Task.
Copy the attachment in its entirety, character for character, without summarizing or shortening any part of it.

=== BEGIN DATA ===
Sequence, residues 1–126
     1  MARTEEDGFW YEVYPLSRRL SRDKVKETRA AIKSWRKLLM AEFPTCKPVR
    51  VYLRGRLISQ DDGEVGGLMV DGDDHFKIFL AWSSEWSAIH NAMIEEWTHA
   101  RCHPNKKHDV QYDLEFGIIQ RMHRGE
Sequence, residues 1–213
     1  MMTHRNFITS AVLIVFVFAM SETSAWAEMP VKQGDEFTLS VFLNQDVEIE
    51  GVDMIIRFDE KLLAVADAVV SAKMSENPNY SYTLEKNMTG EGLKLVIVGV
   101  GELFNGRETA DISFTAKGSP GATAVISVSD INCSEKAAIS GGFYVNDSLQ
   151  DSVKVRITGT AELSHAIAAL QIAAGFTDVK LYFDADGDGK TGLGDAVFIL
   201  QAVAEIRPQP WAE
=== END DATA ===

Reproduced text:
Sequence, residues 1–126
     1  MARTEEDGFW YEVYPLSRRL SRDKVKETRA AIKSWRKLLM AEFPTCKPVR
    51  VYLRGRLISQ DDGEVGGLMV DGDDHFKIFL AWSSEWSAIH NAMIEEWTHA
   101  RCHPNKKHDV QYDLEFGIIQ RMHRGE
Sequence, residues 1–213
     1  MMTHRNFITS AVLIVFVFAM SETSAWAEMP VKQGDEFTLS VFLNQDVEIE
    51  GVDMIIRFDE KLLAVADAVV SAKMSENPNY SYTLEKNMTG EGLKLVIVGV
   101  GELFNGRETA DISFTAKGSP GATAVISVSD INCSEKAAIS GGFYVNDSLQ
   151  DSVKVRITGT AELSHAIAAL QIAAGFTDVK LYFDADGDGK TGLGDAVFIL
   201  QAVAEIRPQP WAE